Restumping maintenance is a vital process for houses with sub floors that are propped up by stumps. Restumping is the process of replacing old, weak or damaged stumps with newer ones made of either concrete or steel. Reason? To give your house a stronger foundation and prevent damage that may be caused by settling. If you live in a house supported by stumps, here are some reasons for restumping.
If you notice signs of settling
Settling is the process of foundation beams sinking lower into the ground. This can be caused by rotting of the stumps or when the ground level drops due to moisture changes. In the beginning, settling can be manifested by subtle changes such as slightly uneven floors, jamming doors and windows, or cracked paint on walls. In severe cases, settling will be clearly noticeable through cracked brick walls, warped walls and slanting flooring or even total collapse of walls. In some cases, settling may occur evenly so instead of the house tilting, it will slowly sink towards ground level.
Before renovations or major construction work
If you are planning to carry out renovations or any major construction in your house, you may need to think about restumping first. The reason for this is that adding more weight to the structure of the house will place additional strain to the stumps beneath. This weight will be as a result of the added structure you plan to construct or the weight of people, furniture and appliances that will occupy any extra room you build. Addition of new stumps will spread the weight and ensure your house handles the weight without risk.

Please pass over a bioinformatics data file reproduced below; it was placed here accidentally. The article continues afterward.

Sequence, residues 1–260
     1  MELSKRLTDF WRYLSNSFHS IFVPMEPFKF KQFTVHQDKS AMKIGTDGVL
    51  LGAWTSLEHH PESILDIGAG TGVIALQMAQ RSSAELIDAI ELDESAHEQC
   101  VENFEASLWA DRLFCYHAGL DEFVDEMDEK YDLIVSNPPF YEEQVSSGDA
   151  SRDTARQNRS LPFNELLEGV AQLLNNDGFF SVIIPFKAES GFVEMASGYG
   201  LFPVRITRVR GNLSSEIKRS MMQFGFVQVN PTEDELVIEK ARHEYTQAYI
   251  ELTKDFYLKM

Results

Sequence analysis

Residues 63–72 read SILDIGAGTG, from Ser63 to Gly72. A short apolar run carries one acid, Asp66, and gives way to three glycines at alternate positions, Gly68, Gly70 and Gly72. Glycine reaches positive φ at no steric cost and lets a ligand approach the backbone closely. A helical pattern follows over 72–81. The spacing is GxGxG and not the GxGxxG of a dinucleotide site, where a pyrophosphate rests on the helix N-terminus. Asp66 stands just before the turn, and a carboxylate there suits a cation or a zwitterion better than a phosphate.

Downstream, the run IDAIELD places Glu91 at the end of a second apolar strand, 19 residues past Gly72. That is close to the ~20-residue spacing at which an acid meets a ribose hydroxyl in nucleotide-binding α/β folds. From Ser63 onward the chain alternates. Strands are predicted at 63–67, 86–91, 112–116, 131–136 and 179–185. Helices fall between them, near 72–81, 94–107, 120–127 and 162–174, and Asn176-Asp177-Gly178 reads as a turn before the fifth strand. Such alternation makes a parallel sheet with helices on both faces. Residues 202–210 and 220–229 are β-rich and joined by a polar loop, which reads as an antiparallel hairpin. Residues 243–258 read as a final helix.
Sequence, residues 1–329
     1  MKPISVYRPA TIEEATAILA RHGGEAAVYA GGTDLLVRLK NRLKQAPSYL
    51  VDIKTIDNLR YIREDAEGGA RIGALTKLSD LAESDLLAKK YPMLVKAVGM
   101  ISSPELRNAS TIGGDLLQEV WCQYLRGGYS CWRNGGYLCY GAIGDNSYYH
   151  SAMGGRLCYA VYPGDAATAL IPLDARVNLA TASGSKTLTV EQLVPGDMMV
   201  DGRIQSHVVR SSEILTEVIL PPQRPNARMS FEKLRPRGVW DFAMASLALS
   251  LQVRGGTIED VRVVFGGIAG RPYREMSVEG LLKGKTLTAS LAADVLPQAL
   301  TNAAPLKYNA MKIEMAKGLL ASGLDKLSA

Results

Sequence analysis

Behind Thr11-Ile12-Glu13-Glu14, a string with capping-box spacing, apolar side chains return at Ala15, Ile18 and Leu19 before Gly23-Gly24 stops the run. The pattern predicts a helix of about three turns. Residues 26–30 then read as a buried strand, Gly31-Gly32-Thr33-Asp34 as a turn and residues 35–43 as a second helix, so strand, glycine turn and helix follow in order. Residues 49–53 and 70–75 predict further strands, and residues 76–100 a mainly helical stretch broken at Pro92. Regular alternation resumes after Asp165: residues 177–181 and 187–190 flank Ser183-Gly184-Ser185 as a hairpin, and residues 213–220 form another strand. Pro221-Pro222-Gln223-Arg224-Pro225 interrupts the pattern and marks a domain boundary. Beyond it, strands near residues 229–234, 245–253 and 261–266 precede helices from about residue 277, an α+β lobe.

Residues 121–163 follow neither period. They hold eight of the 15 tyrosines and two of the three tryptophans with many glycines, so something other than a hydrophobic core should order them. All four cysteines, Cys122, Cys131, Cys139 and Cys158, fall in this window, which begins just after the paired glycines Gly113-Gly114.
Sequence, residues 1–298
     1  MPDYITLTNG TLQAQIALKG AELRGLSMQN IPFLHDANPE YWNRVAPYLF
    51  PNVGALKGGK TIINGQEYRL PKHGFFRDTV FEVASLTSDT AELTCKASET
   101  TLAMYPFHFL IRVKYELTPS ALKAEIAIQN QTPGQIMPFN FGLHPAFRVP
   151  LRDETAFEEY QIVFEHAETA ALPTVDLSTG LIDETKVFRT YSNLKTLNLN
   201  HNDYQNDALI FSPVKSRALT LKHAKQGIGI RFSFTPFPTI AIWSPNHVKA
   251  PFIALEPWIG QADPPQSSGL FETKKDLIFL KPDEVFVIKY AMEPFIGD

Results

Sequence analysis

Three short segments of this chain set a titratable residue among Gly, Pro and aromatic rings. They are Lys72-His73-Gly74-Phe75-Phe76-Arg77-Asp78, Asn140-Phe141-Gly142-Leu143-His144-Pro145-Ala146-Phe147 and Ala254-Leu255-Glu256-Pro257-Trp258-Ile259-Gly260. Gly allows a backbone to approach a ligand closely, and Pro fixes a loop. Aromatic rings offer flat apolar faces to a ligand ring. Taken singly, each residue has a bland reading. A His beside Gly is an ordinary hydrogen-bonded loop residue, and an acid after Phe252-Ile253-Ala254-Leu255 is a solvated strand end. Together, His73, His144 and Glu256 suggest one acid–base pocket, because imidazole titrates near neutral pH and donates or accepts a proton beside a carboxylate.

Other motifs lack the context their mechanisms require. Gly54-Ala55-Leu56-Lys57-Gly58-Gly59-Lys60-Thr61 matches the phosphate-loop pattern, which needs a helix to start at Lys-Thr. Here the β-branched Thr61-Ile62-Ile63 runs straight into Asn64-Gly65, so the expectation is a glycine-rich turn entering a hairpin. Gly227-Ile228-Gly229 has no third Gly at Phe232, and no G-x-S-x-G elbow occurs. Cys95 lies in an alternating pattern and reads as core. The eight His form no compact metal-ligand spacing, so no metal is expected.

If your house has old wooden stumps
If your house has wooden stumps, chances are that they were installed quite some time back. Today, wooden stumps are rarely used for support. This is because they are at risk of rotting due to water or infestation of termites. In other cases, water may cause warping of timber and affect the level of your house. If your house has wooden stumps, you are definitely going to need to replace them with galvanised steel or concrete beams at some time. Better sooner than later.
If you're not sure whether your house needs restumping, consult a house inspector. They will evaluate the condition of your stumps, the age of your house and the structural integrity of the entire house to determine a way forward.
For more information or advice, contact a company such as Earthworm Restumping.Share